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John Fulton

John Fulton
Former County Extension Director

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In The Backyard

Horticulture columns and tips done on a timely basis


Posted by John Fulton -

With the severe disease and insect pressure we have had, leaves are falling. As we approach September, some of this is to be expected, but some of it is due to damage from insects and diseases. Severely damaged leaves tend to drop early, especially when the leaf attachment is weakened. The causes are various, including: bacterial leaf scorch on pin oaks and red oaks, apple scab on apples and crabapples, anthracnose on many good quality shade trees, verticillium wilt on quality maples and ash trees, and of course Japanese beetle damage on many types of trees.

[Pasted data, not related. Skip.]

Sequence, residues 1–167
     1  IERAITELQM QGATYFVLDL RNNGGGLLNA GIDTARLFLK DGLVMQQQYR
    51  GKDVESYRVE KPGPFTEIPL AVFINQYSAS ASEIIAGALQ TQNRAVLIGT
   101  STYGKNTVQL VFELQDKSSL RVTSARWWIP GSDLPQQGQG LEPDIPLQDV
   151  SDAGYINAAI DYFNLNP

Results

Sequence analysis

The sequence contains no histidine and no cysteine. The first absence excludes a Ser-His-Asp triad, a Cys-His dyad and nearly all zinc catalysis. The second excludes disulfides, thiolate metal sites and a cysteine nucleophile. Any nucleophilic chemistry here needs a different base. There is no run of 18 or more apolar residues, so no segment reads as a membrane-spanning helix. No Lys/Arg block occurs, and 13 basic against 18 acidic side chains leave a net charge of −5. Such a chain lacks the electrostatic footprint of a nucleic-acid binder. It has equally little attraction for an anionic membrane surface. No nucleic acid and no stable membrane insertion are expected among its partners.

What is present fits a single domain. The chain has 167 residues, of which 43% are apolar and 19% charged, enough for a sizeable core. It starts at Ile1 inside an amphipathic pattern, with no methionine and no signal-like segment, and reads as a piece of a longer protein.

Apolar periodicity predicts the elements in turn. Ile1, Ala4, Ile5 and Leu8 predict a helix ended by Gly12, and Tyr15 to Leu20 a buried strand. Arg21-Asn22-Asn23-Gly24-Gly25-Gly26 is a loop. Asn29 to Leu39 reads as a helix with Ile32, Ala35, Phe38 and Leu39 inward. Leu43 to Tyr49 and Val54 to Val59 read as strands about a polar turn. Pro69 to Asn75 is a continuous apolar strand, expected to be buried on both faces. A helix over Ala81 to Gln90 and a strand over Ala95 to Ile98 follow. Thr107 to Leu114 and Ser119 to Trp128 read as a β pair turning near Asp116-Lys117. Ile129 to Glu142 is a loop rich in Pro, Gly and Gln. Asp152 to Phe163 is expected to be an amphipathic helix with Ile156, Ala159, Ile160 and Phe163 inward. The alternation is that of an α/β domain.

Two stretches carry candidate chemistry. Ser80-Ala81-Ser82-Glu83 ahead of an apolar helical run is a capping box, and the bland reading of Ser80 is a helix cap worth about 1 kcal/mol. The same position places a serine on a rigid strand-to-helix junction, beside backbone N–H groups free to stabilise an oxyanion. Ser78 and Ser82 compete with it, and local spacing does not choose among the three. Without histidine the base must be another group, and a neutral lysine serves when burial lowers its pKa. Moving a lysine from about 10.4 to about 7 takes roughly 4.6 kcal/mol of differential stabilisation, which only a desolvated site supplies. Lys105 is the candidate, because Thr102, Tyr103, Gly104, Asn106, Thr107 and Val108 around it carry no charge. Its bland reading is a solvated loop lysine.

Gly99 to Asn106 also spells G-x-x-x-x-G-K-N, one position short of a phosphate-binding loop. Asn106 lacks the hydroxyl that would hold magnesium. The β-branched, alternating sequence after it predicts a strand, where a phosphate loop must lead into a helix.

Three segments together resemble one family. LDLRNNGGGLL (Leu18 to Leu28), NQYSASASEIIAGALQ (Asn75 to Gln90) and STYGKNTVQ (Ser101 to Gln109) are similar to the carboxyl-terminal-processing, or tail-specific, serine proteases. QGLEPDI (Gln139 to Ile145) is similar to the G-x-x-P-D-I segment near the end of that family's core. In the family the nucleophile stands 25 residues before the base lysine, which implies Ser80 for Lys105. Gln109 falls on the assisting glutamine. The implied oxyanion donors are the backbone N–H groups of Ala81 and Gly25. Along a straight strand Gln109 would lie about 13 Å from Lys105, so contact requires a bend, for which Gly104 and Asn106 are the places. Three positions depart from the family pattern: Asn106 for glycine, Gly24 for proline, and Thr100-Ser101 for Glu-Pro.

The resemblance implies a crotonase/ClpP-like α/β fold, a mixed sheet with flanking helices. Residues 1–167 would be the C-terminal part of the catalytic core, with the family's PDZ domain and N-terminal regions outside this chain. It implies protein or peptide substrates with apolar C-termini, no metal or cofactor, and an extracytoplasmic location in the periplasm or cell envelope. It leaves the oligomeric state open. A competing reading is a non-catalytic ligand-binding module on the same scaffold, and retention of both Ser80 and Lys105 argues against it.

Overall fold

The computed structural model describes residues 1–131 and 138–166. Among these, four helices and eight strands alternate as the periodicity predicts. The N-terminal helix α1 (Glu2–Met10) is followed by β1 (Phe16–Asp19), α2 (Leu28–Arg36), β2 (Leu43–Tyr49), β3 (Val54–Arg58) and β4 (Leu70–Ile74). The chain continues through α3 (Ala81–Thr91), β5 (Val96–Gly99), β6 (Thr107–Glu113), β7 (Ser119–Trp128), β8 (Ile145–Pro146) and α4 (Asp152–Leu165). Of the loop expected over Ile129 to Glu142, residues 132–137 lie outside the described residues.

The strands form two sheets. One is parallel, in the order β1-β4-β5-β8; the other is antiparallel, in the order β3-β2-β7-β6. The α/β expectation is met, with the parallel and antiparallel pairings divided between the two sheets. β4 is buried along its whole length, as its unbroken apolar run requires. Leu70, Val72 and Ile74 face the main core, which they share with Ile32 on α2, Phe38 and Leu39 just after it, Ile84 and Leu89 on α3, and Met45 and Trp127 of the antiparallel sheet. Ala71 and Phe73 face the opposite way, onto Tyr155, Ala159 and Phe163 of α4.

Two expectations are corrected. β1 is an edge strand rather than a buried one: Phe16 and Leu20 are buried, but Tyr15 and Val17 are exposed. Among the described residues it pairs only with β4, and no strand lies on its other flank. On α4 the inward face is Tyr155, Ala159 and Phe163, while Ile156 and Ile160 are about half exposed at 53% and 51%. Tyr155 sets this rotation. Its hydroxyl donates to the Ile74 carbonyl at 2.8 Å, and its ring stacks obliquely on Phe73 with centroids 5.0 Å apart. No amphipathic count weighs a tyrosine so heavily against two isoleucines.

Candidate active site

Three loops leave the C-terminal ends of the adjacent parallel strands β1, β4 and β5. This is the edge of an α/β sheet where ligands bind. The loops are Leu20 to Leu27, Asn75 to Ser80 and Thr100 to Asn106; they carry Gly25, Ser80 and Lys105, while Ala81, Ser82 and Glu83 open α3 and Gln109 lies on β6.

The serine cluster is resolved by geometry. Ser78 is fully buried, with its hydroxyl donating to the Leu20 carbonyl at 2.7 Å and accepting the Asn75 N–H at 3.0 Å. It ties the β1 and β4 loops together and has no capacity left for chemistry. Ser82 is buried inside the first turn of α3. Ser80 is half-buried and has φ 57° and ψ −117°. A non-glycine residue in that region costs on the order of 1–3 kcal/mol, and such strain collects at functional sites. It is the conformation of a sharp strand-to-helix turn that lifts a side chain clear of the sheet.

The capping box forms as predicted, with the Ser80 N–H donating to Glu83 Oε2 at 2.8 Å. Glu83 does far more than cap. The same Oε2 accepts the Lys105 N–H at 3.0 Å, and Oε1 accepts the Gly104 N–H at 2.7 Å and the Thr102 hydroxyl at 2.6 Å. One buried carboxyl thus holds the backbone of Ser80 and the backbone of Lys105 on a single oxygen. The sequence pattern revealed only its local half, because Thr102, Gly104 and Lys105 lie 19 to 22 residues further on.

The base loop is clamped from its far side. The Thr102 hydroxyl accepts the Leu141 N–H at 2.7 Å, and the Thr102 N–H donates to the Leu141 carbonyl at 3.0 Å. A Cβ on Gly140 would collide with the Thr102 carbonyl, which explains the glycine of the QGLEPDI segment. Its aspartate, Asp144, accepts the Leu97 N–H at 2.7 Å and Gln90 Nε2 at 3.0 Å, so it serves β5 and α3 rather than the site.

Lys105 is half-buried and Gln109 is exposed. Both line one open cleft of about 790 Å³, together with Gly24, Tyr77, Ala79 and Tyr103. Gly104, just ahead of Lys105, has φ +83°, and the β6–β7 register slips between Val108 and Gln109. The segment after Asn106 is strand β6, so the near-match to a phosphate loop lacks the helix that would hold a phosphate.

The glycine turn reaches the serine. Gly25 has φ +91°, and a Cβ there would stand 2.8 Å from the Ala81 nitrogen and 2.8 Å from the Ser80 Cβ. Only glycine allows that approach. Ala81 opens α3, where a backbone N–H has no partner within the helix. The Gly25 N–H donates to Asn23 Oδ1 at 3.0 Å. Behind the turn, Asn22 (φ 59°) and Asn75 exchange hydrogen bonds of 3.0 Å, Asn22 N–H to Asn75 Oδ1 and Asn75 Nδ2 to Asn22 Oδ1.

Bacterial leaf scorch will be an ongoing problem and is life threatening to trees, as is the verticillium wilt. These diseases plug the tissue that carries water to the plant parts, and have no control. Fertilization is about the only option (fertilize at the lawn rate to prevent problems to other plants). The other disease and insect problems happen on an annual basis, and trees should leaf out normally next year. You may, or may not, have the problems again next year depending on the weather.

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